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2.58. net-define

Adds a new persistent virtual network to libvirt, without starting it, using settings from an XML file.
You will need to manually start this virtual network when needed using net-start, unless you enable automatic starting for it. If you enable automatic starting, the virtual network will be started when the libvirt daemon starts.
To enable automatic starting of this virtual network, use the net-autostart command.
net-define --file file-name
Table 2.4. Options
Name Required? Description
--file file-name
The full path (and file name) to an XML file containing the network settings required.
The word "--file" itself is optional.

Available from libvirt 0.2.0 onwards
Platform or Hypervisor specific notes
None yet
virsh # net-define /root/examplenetwork.xml
Creates a new, persistent, virtual network using the settings from the XML file /root/examplenetwork.xml.
virsh # net-define --file /root/examplenetwork.xml
Same as the above example.
Example in context
Starting with an XML file we've already created, using the required XML format:
  <bridge name="virbr100" />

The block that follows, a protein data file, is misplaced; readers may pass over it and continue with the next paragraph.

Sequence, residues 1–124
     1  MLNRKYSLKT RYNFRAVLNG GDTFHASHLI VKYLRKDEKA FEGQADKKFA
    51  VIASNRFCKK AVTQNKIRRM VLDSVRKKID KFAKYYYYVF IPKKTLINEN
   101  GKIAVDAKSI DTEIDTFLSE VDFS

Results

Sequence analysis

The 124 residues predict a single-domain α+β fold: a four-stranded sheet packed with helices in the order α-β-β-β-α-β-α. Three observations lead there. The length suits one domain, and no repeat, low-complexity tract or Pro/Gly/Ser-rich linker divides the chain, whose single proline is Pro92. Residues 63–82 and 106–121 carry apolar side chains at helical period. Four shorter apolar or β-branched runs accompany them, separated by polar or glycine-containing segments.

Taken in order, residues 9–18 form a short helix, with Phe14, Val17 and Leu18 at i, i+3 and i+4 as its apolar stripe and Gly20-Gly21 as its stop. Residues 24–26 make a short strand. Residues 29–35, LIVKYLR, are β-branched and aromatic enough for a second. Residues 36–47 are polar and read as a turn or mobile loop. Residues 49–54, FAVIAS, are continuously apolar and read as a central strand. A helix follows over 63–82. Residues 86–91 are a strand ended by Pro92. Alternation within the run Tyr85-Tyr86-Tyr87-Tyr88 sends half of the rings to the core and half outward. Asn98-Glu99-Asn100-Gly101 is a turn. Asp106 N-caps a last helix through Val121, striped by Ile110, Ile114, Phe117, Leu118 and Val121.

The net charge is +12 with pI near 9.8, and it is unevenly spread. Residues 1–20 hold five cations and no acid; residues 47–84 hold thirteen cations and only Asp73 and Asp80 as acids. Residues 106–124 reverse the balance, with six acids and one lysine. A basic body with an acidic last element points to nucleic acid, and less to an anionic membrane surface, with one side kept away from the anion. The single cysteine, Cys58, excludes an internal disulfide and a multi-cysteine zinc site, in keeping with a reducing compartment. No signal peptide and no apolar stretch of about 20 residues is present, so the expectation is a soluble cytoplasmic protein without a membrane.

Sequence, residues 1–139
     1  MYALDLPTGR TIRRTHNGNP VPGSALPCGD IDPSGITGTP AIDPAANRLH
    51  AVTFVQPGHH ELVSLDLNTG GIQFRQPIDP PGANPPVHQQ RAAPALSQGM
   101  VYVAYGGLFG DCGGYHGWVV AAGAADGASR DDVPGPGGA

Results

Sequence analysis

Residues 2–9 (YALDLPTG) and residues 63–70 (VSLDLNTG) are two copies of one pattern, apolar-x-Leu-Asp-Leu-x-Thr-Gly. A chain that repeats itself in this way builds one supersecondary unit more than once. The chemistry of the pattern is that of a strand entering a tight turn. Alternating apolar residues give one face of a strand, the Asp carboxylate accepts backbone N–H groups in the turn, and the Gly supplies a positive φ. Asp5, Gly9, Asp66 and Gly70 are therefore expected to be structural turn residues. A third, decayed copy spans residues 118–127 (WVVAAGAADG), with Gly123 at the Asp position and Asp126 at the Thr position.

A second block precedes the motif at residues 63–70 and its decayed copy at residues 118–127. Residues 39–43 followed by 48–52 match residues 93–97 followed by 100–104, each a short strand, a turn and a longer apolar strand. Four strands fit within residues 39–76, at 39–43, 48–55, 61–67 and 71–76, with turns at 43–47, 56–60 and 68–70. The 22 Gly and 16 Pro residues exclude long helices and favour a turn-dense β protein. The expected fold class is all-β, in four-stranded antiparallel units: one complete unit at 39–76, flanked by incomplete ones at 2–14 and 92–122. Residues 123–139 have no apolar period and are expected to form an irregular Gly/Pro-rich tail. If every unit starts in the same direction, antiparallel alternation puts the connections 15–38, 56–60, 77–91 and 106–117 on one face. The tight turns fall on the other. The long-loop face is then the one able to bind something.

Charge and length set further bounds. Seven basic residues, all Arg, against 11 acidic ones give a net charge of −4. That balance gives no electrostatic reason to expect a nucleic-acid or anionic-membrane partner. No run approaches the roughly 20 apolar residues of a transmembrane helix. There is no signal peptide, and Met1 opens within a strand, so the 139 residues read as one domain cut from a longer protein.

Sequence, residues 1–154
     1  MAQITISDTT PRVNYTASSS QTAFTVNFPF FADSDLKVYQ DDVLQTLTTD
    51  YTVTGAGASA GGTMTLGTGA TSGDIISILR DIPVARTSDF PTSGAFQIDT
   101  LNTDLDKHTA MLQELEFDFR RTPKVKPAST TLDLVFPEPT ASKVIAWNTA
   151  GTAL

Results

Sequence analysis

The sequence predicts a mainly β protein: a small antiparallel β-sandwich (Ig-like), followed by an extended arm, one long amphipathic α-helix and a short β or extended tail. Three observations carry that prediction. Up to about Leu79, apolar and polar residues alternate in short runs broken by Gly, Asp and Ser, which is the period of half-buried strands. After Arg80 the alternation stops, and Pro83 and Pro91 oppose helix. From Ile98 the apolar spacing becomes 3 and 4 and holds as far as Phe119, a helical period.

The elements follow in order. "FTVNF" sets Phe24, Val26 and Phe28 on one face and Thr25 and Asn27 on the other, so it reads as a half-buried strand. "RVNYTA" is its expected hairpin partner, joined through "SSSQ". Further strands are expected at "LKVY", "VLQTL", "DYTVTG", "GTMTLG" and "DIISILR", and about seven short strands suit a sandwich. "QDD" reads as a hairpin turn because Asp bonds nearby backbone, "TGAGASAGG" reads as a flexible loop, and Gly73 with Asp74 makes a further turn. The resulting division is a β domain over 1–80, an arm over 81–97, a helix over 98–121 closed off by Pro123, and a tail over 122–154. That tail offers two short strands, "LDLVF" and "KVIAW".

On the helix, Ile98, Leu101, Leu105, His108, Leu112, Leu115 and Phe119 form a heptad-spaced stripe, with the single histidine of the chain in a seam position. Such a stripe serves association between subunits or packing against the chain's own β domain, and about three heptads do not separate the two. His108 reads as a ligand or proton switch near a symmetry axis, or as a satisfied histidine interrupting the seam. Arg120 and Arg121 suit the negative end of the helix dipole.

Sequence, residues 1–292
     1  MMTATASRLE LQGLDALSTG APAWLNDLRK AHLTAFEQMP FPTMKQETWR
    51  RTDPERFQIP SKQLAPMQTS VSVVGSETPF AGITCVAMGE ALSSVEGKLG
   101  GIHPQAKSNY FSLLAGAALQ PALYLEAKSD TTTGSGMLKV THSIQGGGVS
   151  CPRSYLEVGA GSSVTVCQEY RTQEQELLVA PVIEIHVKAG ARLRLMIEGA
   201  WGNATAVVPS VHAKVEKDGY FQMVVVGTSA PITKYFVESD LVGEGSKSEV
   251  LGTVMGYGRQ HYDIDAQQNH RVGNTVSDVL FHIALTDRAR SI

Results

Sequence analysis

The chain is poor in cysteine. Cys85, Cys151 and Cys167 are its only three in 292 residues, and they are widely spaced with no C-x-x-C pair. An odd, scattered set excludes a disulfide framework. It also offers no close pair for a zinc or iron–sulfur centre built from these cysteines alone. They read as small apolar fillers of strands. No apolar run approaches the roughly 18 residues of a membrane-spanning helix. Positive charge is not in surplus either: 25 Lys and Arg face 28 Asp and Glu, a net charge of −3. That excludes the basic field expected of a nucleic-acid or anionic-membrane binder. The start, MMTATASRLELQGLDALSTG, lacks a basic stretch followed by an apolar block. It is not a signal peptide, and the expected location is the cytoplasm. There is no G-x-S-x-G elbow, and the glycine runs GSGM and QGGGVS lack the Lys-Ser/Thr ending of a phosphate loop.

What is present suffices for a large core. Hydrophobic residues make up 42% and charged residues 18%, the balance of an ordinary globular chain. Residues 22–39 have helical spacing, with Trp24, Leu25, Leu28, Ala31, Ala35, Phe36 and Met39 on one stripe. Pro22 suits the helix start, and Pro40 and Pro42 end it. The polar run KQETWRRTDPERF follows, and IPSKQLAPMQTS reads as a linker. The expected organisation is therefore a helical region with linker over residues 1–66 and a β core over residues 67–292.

<forward mode="route" />
  <ip address="" netmask="" />
# ls -al /root/examplenetwork.xml
-rw-r--r--. 1 root root 162 Nov  7 16:43 /root/examplenetwork.xml
We start virsh interactively, then create the transient virtual network:
# virsh
Welcome to virsh, the virtualization interactive terminal.

Type:  'help' for help with commands
       'quit' to quit
virsh # net-list
Name                 State      Autostart
default              active     yes
virsh # net-define /root/examplenetwork.xml
Network examplenetwork defined from /root/examplenetwork.xml
Defined. Now we confirm:
virsh # net-list --all
Name                 State      Autostart
default              active     yes
examplenetwork       inactive   no
Newly defined virtual networks aren't automatically started, so we manually start it now:
virsh # net-start examplenetwork
Network examplenetwork started
virsh # net-list
Name                 State      Autostart
default              active     yes
examplenetwork       active     no
We check the details of the started network from virsh. This shows us the generated UUID, and anything else that may be in effect (ie Spanning Tree Protocol).
virsh # net-dumpxml examplenetwork
  <forward mode='route'/>
  <bridge name='virbr100' stp='on' delay='0' />
  <ip address='' netmask=''>
If the virtualisation server is running Linux, we can check how it appears to the host OS:
# ifconfig virbr100
virbr100  Link encap:Ethernet  HWaddr A6:45:97:AE:8E:08  
          inet addr:  Bcast:  Mask:
          RX packets:0 errors:0 dropped:0 overruns:0 frame:0
          TX packets:11 errors:0 dropped:0 overruns:0 carrier:0
          collisions:0 txqueuelen:0 
          RX bytes:0 (0.0 b)  TX bytes:2653 (2.5 KiB)
See also